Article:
For many years, I've wanted to drive cross-country. Meaning the United States as, for example, a drive cross-Monaco or cross-Liechtenstein would be a simpler, less daunting endeavor. But no, I want to drive across the United States. After thinking about it and sort of kind of planning for years, I'm finally doing it. Right now I have an odd month of free time which has just become go out and see America time.

As I write this I'm in Johnstown, Pennsylvania which I think there's a good chance you've never heard of. Neither had I. Today was mostly a driving day to really cover some distance before my first planned stop: the Frank Lloyd Wright home Falling Water which I've wanted to visit for ages. I'm going tomorrow.

My destined-to-fail plan is to briefly summarize when I can and either eventually or as I go (not likely) write real posts on things that are awesome. So here's today.

I drove a lot.

Okay, more detail than that. I drove across a large portion of Pennsylvania. Now, I've actually spent a lot of time in PA but the vast majority of that time has been spent near Philadelphia. My drive today was mostly rural and pretty. I visited the Endless Mountains (I imagine that name with some kind of flourish or spoken in a whispery voice or something) and got to see Altoona which, for some reason, I've always been weirdly curious about. Thanks to the wonderfulness of Roadside America, the bizarre highlight of the day was this monument thingy:

This is in the small town of Lilly, PA and it commemorates the time they drove the KKK out.

The other reason I actually stopped in Lilly and nearby Gallitzin was to see the trains which are apparently kind of a big deal 'round these parts. Gallitzin is famous for its tunnels which were instrumental in getting trains across the Alleghenies. I vaguely remember reading something about trains and tunnels and Pennsylvania but it could totally be unrelated to what I saw today. I tried to stop at a train related National Historic Site but although the sign said "Open til sunset" or something, the visitors center said "Open til five" and everything was closed and locked. I probably still could've walked around and stuff but there was a gate into the park and I really didn't want to get locked in.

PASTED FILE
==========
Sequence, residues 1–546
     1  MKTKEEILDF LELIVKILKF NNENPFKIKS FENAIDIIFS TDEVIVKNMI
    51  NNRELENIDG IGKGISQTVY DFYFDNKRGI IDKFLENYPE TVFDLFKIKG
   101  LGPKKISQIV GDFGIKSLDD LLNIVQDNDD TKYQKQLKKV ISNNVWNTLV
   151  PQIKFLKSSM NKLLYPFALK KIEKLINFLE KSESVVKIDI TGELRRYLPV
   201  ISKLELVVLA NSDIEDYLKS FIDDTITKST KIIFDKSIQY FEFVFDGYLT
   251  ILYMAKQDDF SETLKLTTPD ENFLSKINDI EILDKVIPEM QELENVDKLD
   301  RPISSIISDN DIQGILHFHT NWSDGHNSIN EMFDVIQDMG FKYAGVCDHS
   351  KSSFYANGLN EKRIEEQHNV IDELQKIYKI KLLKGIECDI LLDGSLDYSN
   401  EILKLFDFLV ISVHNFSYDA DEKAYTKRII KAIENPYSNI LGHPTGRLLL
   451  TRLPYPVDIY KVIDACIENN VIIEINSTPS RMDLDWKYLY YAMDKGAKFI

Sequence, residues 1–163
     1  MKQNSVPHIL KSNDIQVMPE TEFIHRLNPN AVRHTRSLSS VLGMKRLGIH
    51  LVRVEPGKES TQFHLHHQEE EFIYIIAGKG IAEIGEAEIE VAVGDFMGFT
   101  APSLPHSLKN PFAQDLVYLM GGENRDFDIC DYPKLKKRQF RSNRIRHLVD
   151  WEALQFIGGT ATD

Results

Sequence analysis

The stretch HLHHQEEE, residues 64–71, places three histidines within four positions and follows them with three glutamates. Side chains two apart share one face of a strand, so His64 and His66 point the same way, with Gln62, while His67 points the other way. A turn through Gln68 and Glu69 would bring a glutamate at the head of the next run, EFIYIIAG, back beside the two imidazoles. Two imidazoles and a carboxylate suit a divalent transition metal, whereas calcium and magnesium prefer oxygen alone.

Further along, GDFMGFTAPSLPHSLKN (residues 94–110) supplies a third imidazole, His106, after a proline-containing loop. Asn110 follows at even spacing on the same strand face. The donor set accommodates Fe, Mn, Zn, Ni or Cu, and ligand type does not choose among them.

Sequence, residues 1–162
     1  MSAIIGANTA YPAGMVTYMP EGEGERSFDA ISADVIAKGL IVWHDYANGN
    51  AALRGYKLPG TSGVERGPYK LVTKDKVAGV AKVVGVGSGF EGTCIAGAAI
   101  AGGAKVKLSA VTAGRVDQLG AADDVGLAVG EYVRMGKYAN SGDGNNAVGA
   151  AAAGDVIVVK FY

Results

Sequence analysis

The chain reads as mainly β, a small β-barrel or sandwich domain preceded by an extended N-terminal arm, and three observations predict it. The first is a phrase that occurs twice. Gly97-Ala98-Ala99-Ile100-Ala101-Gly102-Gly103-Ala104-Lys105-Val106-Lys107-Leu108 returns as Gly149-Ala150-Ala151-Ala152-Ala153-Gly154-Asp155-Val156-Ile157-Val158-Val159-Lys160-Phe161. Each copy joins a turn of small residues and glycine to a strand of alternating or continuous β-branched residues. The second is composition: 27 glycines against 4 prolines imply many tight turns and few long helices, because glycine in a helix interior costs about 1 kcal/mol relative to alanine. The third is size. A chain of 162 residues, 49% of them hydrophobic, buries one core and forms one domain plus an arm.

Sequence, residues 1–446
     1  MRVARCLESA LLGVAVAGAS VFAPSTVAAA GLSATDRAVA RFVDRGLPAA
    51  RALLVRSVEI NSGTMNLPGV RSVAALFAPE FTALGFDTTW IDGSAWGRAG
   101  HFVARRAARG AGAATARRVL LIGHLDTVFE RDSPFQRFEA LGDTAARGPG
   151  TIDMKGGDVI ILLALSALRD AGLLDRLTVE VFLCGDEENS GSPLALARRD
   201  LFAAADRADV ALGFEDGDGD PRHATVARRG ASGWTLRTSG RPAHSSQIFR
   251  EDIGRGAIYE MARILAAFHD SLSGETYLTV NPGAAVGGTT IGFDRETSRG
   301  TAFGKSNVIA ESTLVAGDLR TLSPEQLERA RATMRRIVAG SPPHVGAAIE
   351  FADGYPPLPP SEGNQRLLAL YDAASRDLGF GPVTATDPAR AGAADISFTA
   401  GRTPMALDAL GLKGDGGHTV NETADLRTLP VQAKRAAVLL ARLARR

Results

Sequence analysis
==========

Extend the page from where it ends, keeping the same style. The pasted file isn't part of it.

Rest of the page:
Instead, I went to see the famous tunnels. I missed seeing the museum (of course...) since that closed at five but I'm just gonna say it probably wouldn't have been too fascinating so whatever. I was hoping to see a train but figured with my luck that I'd miss out. But wouldn't ya know it, I wasn't there five minutes before very loud rumbling announced the arrival of one very long freight train through the tunnel. I actually got to see one in each direction! (Seriously, I see trains all the time. Why was this so important?) For whatever reason, it was pretty thrilling. So here's a picture:

Today's slight regret is that I really didn't get any rural mountainous scenery pictures. There weren't good places to pull over, plus most of the driving was on limited-access highways and pulling over would've been illegal anyway. The views weren't really spectacular or really dramatic but they were often very nice.

So there it is, my first day on the road. Up tomorrow: Falling Water, West Virginia (never actually spent time there!), and Ohio. Probably.